Posted: 9:56 am Monday, January 13th, 2014

A legislative session begins and politicking revs up once more 

By Greg Bluestein

The legislative session starts again this morning and a record-early primary contest and wild races for Georgia’s top offices has just about every one under the Gold Dome predicting legislators will be out of here by April.

But there’s plenty of unfinished business for them to attend to first. Lawmakers are expected to quickly shift state and local primaries to May 20 after a judge moved the federal contests. And they will start hashing out a more than $20 billion state budget that’s expected to include money for teacher pay raises and the largest online expansion in Georgia school history.

The legislative crowd will soon weigh more criminal justice legislation aimed at helping released offenders readjust to society. A fight looms over loosening firearm restrictions, but major tax reforms and a medical malpractice overhaul will likely be shelved for the session.

And there’s always wedge issues or surprise proposals that could pop up. One possibility involves tax breaks for the construction of the two new stadiums that will soon spring up, although some legislators say they may hold off until next year. After all, there’s a November election looming.


From the link, provided above, regarding "the largest online expansion in Georgia school history":

"In the future, education leaders imagine classrooms where students use computers to learn at their own pace, with online lessons prescribed by a tech-savvy teacher, and a student’s daily progress report delivered to the teacher’s digital device. Students could also bring their own devices to school, and take lessons on their personal iPads or laptops. .  . 'But it’s not the technology that’s important, it’s what you do with it that counts.' ”


From the words I wrote, 10:44 a.m., Jan. 12th, on Maureen Downey's thread, " Top 10 Georgia Education Issues. . .":

"I can visualize a future in education in which (especially standardized reading and math) test scores of students, itemized, can be contained on computers which can easily be pulled up by the present teachers of the students and those teachers can see a developmental history of each student in a moment’s time. When students transfer from one public school to another, that centralized data base of instruction would be sent with the student by computer in a moment’s time. Teachers would always have students below grade level, on grade level, and beyond grade level in their classes, but because of the accuracy and speed of technology and computers, the teachers would know exactly what levels needed to be addressed in their classes immediately and they could work with other teachers to 'swap' students to subgroup into correct instructional placement, thereby teaching every student on his or her level, and minimizing the number of groups any one teacher would have in his or her classroom.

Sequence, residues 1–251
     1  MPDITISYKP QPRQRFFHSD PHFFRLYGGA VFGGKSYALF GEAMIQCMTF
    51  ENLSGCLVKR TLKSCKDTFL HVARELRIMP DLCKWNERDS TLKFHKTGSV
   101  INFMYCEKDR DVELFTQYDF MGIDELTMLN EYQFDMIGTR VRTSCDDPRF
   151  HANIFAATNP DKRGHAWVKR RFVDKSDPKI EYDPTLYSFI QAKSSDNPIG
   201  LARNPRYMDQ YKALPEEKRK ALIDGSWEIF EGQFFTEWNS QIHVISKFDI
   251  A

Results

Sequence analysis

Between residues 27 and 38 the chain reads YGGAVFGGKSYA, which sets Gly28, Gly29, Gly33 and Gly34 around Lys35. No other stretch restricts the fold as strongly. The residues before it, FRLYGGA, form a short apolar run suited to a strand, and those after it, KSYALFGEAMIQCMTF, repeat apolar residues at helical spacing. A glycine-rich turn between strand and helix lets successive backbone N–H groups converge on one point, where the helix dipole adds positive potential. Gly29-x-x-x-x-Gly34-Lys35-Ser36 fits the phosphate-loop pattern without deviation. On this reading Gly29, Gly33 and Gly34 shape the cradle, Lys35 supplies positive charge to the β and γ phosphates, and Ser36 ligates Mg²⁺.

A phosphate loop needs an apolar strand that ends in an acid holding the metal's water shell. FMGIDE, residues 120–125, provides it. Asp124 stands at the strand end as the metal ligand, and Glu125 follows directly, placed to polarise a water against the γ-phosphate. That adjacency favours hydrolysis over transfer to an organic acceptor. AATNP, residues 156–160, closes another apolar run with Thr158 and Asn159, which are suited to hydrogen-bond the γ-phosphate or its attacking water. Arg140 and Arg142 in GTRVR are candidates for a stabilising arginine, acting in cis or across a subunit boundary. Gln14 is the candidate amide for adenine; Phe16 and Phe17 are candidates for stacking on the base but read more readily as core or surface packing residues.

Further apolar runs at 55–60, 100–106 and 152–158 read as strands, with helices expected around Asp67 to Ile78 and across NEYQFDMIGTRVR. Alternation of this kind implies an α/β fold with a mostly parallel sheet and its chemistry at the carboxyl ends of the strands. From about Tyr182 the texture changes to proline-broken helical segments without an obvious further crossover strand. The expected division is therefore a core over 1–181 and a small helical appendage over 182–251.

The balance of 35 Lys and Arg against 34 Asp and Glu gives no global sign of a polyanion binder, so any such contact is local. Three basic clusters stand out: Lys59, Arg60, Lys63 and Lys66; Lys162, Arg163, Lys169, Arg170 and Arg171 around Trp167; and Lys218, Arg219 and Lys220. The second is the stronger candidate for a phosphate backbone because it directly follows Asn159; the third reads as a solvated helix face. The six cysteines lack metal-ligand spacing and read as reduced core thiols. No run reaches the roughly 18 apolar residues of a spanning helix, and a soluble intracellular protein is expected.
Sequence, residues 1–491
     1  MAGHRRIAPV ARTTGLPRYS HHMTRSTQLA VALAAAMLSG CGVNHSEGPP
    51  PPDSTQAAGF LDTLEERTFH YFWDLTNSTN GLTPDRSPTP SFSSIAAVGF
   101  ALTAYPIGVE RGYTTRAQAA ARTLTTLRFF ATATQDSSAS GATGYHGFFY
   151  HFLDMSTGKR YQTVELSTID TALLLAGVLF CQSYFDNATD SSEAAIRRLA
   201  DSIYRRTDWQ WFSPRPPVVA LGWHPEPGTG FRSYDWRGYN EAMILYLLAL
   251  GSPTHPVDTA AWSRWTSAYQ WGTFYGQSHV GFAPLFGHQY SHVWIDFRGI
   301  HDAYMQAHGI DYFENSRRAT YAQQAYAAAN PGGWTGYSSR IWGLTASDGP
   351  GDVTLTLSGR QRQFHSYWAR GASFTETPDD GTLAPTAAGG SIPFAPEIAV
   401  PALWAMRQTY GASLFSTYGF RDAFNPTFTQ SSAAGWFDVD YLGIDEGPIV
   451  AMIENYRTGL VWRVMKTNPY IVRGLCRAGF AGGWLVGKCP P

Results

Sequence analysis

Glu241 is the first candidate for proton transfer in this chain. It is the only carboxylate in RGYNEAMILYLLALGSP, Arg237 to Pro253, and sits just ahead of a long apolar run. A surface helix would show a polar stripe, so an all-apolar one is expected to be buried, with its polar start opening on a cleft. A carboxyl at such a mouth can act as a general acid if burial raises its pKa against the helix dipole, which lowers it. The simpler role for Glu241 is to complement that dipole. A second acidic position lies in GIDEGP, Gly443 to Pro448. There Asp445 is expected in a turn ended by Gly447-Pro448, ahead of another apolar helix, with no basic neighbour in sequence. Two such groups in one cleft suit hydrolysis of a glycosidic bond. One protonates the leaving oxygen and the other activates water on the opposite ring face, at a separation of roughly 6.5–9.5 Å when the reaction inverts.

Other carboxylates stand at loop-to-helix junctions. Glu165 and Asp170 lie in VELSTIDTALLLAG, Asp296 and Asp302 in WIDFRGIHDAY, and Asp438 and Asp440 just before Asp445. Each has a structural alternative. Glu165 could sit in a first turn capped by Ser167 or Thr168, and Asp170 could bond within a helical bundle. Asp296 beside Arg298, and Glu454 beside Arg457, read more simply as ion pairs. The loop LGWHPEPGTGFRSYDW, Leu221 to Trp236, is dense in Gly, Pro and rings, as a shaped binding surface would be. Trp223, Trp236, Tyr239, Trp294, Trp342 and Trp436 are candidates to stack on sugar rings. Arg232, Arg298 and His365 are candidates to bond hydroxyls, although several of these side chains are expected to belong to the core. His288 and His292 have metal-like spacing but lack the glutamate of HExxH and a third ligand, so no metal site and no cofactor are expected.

The bombing of Pearl Harbor can be taught to students reading on 4th grade level in 10th grade, as well as to students reading on 12th grade level in 10th grade, but the details will be refined for the level of understanding of each group if teachers team, and if blocks of time in the day are allowed for groups of teachers to diagnose and prescribe instruction in their areas of the curriculum.

All this is to say that testing goes hand-in-hand with the excellent practice of teaching, just as testing goes hand-in-hand with the excellent practice of medicine or 'doctoring,' but the good doctor knows how to limit the testing to pinpoint the need, and so must good educators, including those at the top.”


I would certainly hope there will also be an Article V "state convention" legislation passed this session that will produce a "balanced budget" amendment, with teeth, individual tax reform, a redefinition of the General Welfare and Commerce Clauses, and at least a sunset clause of all existing federal taxes and a super-majority vote to replace them with new, fairer taxes.  

ex animo



Good that this will be a short session with little legislation.

Maybe we should just give them the year off from having a legislative session during election years.  Women, children, and taxpayers would be safer.